Heidi: Right, and mine is an intermittent failure.
Heidi: Like, "I'm doing fine. I'll tell you, I'm doing fine, except I dropped like four balls last week, but I'm doing fine."
Paul: So, I'll tell you this, this is what I realized about myself.
I realized that I, in COVID times, even though we couldn't do anything.
I needed to take a week off every five to six weeks.
And if I didn't get that, and this is where I love working with my team, they're a great group of folks.
I told them, one of them basically said, "Listen, about four or five weeks in, Paul, you get a little crunchy."
And I'm like, "What do you mean?"
And they said, "Well, you remember that Snickers commercial where it's like, 'Dude, you're playing like Betty White.'And it's like, it is Betty White."
And I was like, "Oh, I get what you're saying."
So now actually, when it's four to five weeks, and I should put a week on the calendar, just be away.
My coworkers will actually say, "Paul, do you need a Snickers? You're playing like Betty White out there."
So, that's something that I cherish with my team that we have that kind of space where we can do that.
And I've done that for them actually, where I tend to do it is actually more in incidents, because I've done the thing where, there's an incident that starts at 11:30 and then I don't hold the pager.
I'm not on the on-call rotation, but I'll come in at 2:00 AM and be like, "You know what? I think you should go to bed, the incident's stable, you should drop the debugging you're doing. It's okay."
And so that's kind of how I get them back. I tell them that they should go to bed, not have a Snickers, go to bed.
Heidi: So, I had another question, in your not Netflix capacity, as a conference runner, where do you see us going in the next year?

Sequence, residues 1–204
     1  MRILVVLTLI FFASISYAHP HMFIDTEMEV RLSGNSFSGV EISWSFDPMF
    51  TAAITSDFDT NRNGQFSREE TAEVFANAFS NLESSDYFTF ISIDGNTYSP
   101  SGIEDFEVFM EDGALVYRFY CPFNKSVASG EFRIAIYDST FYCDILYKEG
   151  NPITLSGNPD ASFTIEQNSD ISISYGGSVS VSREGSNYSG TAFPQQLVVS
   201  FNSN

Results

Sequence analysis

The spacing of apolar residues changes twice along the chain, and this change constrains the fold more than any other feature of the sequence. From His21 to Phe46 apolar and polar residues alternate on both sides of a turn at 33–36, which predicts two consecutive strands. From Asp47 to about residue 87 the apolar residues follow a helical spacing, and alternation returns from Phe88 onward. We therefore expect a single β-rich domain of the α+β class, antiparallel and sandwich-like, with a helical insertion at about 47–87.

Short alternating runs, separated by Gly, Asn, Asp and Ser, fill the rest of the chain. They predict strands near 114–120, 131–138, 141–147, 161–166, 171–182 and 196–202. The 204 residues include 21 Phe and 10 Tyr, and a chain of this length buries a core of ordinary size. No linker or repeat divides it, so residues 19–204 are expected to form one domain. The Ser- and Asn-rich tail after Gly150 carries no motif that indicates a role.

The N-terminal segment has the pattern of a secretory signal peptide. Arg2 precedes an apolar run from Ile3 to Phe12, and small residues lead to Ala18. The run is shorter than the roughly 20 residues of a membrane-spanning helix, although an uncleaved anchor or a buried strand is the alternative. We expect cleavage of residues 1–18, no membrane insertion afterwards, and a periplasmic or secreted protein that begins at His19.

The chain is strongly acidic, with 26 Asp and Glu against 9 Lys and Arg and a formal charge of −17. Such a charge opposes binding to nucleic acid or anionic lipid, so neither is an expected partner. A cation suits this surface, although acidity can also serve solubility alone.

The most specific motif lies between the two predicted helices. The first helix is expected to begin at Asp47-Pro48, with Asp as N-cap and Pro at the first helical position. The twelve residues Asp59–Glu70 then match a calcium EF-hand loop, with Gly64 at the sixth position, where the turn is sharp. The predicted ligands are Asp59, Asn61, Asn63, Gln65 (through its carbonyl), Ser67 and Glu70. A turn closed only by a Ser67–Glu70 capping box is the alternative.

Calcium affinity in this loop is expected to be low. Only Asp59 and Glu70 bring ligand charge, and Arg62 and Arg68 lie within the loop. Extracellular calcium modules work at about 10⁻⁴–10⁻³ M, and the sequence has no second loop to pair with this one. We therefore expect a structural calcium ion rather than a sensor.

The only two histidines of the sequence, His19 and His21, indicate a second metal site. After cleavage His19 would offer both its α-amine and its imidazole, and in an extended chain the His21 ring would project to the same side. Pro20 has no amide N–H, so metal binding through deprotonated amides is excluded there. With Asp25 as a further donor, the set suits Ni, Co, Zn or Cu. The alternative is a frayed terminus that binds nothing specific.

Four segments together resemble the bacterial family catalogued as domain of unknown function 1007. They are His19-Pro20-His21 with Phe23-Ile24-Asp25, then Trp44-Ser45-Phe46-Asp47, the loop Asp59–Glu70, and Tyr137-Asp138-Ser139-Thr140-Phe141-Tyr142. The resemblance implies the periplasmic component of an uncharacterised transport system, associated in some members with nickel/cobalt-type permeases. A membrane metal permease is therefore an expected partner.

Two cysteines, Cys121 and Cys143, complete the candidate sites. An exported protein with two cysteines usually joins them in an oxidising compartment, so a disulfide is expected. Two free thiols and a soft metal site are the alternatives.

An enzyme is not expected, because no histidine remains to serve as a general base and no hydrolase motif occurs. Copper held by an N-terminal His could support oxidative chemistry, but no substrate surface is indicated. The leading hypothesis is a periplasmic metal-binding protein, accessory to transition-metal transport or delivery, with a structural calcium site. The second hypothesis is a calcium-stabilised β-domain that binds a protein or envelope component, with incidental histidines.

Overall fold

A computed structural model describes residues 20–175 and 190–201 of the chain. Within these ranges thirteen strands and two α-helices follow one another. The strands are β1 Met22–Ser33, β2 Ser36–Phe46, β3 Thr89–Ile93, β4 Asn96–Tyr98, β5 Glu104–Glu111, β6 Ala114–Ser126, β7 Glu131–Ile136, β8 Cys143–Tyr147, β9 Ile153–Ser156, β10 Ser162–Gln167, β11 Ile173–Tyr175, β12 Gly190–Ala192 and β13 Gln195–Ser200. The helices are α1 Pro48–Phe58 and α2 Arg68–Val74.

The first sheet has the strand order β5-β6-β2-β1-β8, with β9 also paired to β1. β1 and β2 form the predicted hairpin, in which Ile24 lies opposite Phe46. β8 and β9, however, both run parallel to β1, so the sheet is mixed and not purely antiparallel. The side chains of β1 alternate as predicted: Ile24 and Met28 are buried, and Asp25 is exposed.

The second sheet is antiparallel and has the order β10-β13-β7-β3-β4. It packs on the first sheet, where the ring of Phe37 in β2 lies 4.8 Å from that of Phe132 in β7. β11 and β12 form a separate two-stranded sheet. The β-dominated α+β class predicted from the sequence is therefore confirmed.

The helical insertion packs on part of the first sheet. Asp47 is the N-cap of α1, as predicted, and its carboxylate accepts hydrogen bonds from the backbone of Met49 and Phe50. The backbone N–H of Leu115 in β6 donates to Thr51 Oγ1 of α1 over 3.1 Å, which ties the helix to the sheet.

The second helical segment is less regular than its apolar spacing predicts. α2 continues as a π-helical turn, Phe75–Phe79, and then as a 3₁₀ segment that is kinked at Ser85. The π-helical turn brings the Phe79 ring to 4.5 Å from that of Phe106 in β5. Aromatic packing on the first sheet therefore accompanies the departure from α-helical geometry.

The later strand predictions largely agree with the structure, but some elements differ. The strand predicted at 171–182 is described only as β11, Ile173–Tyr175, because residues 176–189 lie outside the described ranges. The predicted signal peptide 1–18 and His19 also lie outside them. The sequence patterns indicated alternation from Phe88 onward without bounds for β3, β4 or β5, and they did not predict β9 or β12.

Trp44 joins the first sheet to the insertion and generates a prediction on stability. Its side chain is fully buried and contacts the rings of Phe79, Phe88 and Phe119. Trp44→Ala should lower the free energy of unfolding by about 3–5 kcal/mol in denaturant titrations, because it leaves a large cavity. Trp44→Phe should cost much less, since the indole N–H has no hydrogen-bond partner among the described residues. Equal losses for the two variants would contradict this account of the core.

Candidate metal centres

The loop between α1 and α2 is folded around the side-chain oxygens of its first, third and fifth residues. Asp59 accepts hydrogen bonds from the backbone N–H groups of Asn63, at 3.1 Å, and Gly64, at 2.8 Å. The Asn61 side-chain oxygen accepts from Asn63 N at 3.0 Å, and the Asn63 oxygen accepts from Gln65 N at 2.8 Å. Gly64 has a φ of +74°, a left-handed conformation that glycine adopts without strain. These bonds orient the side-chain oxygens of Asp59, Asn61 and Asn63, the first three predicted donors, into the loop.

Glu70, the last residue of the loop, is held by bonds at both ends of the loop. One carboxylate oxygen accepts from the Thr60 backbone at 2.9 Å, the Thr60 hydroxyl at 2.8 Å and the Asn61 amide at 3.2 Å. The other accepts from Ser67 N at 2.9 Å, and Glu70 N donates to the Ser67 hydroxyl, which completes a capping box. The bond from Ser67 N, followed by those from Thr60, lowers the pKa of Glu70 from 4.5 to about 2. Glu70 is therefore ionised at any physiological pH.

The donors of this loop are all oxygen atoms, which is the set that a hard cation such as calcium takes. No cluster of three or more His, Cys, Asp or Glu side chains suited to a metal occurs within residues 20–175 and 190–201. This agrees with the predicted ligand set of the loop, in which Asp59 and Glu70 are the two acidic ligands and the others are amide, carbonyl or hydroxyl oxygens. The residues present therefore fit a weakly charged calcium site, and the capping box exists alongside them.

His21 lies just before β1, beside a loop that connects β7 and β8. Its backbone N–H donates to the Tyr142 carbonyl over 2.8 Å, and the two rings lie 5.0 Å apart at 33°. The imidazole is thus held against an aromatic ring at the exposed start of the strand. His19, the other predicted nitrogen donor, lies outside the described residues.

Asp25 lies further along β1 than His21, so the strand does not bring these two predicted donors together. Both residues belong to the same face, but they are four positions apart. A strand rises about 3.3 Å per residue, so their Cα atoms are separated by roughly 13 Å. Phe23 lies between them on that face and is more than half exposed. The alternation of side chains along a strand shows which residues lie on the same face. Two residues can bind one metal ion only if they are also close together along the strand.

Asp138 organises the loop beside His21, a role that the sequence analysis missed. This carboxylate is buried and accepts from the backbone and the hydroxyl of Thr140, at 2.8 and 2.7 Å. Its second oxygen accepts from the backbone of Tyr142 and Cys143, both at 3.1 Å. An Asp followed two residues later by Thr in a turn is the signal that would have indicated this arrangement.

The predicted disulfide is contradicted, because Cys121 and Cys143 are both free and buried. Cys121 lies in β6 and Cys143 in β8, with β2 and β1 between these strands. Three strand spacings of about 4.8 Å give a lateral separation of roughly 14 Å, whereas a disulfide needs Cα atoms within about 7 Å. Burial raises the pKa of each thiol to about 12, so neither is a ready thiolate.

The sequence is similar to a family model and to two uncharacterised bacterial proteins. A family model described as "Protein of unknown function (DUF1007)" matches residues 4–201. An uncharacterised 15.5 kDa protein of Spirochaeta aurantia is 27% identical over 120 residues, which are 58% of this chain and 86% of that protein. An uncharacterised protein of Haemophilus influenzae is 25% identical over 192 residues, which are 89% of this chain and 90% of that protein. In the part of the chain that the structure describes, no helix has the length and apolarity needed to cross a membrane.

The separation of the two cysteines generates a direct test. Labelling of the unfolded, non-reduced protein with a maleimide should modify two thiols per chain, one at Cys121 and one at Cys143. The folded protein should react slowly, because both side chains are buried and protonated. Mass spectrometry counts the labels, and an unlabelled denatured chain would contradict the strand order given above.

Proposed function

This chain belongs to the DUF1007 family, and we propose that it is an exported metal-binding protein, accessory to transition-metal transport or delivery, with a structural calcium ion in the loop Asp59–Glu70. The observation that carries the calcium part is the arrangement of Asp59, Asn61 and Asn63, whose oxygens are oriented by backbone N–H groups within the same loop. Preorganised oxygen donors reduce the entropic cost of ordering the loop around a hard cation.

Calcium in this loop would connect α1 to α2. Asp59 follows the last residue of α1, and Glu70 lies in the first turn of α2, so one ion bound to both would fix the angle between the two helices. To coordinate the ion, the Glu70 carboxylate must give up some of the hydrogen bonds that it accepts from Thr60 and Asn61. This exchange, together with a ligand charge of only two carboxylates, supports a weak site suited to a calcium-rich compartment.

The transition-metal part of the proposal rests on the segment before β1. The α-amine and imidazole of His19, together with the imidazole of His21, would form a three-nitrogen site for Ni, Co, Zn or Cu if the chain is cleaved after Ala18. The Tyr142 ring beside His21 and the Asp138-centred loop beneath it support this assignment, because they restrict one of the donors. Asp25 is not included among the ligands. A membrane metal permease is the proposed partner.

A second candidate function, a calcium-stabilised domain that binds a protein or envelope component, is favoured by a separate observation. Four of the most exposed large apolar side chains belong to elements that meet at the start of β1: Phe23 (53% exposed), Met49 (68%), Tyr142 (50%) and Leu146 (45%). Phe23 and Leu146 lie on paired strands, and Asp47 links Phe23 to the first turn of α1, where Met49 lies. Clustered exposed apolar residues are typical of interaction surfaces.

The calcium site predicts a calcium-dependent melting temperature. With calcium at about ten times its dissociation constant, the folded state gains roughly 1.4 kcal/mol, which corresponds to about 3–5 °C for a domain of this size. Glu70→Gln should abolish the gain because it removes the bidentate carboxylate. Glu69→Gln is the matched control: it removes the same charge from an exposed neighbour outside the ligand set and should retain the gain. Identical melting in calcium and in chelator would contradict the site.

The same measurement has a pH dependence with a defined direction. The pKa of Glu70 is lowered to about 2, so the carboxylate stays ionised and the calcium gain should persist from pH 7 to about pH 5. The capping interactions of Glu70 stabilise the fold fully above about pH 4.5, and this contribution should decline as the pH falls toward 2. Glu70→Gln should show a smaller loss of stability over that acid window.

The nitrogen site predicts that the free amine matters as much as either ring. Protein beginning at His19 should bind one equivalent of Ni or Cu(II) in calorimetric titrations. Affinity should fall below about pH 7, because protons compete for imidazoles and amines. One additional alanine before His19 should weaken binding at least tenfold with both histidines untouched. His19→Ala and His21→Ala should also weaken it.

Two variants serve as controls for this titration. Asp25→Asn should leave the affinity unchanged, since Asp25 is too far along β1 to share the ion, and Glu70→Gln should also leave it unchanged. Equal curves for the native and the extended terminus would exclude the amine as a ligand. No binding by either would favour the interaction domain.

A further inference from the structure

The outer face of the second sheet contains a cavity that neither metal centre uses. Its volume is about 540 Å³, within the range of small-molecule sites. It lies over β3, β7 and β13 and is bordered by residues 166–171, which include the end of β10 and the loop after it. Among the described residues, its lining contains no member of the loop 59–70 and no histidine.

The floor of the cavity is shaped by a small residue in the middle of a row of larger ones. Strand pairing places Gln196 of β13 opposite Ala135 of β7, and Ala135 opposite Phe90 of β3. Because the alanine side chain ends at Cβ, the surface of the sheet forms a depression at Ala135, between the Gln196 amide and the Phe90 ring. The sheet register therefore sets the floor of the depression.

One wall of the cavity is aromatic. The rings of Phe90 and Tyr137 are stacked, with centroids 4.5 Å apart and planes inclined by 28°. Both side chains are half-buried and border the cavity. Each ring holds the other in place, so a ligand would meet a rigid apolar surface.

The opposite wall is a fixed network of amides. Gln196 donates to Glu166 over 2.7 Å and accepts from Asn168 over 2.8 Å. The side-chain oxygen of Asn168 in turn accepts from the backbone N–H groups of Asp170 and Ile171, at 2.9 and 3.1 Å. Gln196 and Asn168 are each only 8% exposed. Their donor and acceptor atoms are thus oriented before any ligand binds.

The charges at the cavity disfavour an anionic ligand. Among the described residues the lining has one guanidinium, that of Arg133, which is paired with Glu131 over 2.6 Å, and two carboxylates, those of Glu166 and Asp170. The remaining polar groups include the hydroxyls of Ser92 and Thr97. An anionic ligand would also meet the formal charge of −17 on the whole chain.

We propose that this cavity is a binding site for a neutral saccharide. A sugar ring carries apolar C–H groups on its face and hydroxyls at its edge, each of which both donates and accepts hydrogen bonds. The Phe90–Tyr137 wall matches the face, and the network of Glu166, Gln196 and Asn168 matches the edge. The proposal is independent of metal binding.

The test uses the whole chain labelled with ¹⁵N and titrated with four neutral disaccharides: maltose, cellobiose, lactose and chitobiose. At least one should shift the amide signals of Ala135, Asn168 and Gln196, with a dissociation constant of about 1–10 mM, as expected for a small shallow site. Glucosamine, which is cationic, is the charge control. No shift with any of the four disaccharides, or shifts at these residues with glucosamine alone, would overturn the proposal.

How are we going to scale that out?
I cannot believe that AWS is planning to do re:Invent, which just seems like the worst of all possible worlds, but maybe that's a scaling thing that I am just not anticipating correctly. What do you think?
Paul: So I think a few things come to mind, so Heidi, you're referring to re:Deploy and you came to the last one. You've been to both of them, right?
Heidi: Yep, I think.
Paul: Yeah, and so I totally want to do it again.
For smaller conferences, the real question is, can you even schedule them now?
Because AWS, if they have to cancel, that's fine.
Whereas, if I have to cancel, that's like, I'm paying for that personally.
And that's a big pill to swallow, but it's super important.
And here's the thing for everybody who's been to re:Deploy, I actually want to hear all the COVID stories.
Like, "Do you want to talk about resilience? Let's figure that out."
But I agree with you, I don't know what it looks like.
And I have had people asking me, so we usually do it in the September, October timeframe.
Actually, it's funny, it's probably too late to even get that started, because all the planning and stuff you have to do.
But we, as a country, we keep making progress and then people get eager and they go out and then the rates go back up and we just kind of seesaw back and forth between these two.
And so I think that's what makes it hard.
Here's the other thing I'll say about conferences in general though, you want to talk about scaling that back up.
I was walking through The Castro here in San Francisco the other day, and I am an introvert, but I love being at conferences.
I love giving talks on stuff that's important to me.
And so I don't consider myself as somebody who has an issue with being around lots of people.
I like that, even though I'm an introvert.
But as I was walking through, I realized I'm having a little bit of anxiety and it was around, just there's lots of people there, a lot of them aren't wearing masks, because they were out on the sidewalk where there are tables.
So, they were eating, and so that's why they didn't have masks.
And I remember having a conversation, it might've been with Emily Freeman, and we were talking about like, it's going to be a little weird, because there's a lot of people that I'm going to want to--
I'm going to see them, and I'm going to want to run up and hug them.
And that's the thing that like, I'm going to be so excited, but you should ask before hugging random folks. And I can also-
Heidi: Well even folks you know and love.
Paul: Exactly, yeah, 100%.
That's actually my point, Heidi, right?
Is I feel like when we go back to conferences, there's just going to be a lot of, you want to talk about emergent stuff.
There's going to be a lot of emergent feelings.
That's what I think about, is how do I-- Couple things, what can I try to plan for, like wanting to hug everyone, so that I make sure that I ask, "Is that okay?"